Shylock is one of the famous and vivid characters developed in the drama “The Merchant of Venice”

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Shylock is one of Shakespeare’s most prominent and colorful characters from the play “The Merchant of Venice,” and he is regarded as a significant dramatic building of the personality. Shakespeare uses this character as a villain in the first instance of this play to help construct the plot of the overall play on the stage (Ichikawa, 126). Second, the author establishes him as a human being who later mourns the loss of his daughter, loses his money, and most notably, loses his faith and conviction. As a result, the author’s conception of this character reveals Shylock as both a psychopath and a human being (victim). Shakespeare uses several elements that indicate that he did not want the readers and his audience to think of the character as the villain only. The author portrays the character as an object barricading the progress and development of the society for their selfish interest. Shylock being a Jew is accidental itself and therefore should not be appropriate for readers to consider the character as a villain. In his plot development, Shakespeare wanted to show the high contrast between liberty and selfishness in the society concerning money and love. In literature, a man who fulfils both personalities was called usurer (Bradizza, 183). Shylock has a beautiful daughter who he holds tightly as he did with his ducats. Consequently, Shakespeare manages to draw the attention of his readers that shylock should not be viewed as a villain in the plot development of the play. Christianity forbids usury, and therefore, only the Jews controlled the lending of money as stipulated by the law. However, Shakespeare puts the name Shylock in bold strokes meaning the character should be a villain regarding romantic comedy.

When Shylock goes out of the courtroom, the public stripes him of all that he possesses. He is a failed man at the end of Act IV, Scene1. But the readers cannot have sympathy for him, though, some will offer little but not much. The author’s intention was not to draw Shylock as a tragic figure; however, Shakespeare intended to bring Shylock as the embodiment of selfishness that the society in The Merchant of Venice must overcome by all means (Richard, 145). In a great deal, it is the author’s brilliance which leads Shakespeare to create Shylock as too human.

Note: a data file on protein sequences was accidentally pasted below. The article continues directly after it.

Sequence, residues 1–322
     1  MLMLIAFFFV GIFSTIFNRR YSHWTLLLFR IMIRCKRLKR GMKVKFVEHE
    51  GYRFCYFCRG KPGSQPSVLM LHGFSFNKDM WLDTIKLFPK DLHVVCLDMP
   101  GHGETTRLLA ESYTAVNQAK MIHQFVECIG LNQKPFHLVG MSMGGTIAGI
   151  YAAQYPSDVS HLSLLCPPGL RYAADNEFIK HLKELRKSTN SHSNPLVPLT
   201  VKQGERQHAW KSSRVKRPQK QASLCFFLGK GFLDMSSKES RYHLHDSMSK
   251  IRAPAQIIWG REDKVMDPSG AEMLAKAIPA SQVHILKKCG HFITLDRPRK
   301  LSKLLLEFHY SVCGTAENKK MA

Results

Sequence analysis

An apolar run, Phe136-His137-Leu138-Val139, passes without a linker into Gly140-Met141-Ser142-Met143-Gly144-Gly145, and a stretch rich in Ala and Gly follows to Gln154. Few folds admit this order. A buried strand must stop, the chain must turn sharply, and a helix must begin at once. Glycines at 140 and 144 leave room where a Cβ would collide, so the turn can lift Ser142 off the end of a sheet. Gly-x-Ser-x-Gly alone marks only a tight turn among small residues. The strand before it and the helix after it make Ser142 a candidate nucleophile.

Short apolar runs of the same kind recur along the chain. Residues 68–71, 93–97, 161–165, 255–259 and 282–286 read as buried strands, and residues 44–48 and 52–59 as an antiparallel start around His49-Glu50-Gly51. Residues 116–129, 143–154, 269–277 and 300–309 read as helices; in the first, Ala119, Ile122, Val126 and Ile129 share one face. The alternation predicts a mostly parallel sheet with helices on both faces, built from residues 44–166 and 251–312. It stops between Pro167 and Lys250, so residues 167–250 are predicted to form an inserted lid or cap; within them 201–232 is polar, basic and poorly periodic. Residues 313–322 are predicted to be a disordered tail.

I do think Shakespeare intended his readers to feel that Shylock is a bad guy at all. The author draws out Shylock firmly and makes the character admirable although the society finally condemns him. Throughout the drama, the character’s attitude towards human relationships and money is questionable. When Shylock gives his response concerning her daughter’s departure, we notice that Shylock is more concerned about the precious item (gold) stolen by Jessica than her disappearance. Solanio tells the audience that Shylock screamed “My daughter! O my ducats! O my daughter! / departed with a Christian! O my Christian ducats!” I feel a little sympathy towards the character particularly when he is stripped of all his belongings when leaving the courtroom. The painful events that he goes through make him feel an unfortunate man in the society. He leaves the court feeling embarrassed an unworthy of living in this community after dejection.

Works Cited

Bradizza, Luigi. “Shylock, Tubal, and the Charge of Anti-Semitism.” Perspectives on Political Science, vol. 43, no. 4, Oct-Dec2014, pp. 183-188.

Ichikawa, Mariko. “Shylock and the Use of Stage Doors.” Theatre Notebook, vol. 67, no. 3, Oct. 2013, pp. 126-140.

Richard, Jeremy. “‘The Thing I Am’: Parolles, the Comedic Villain, and Tragic Consciousness.” Shakespeare Studies (0582-9399), vol. 18, Jan. 1986, p. 145.

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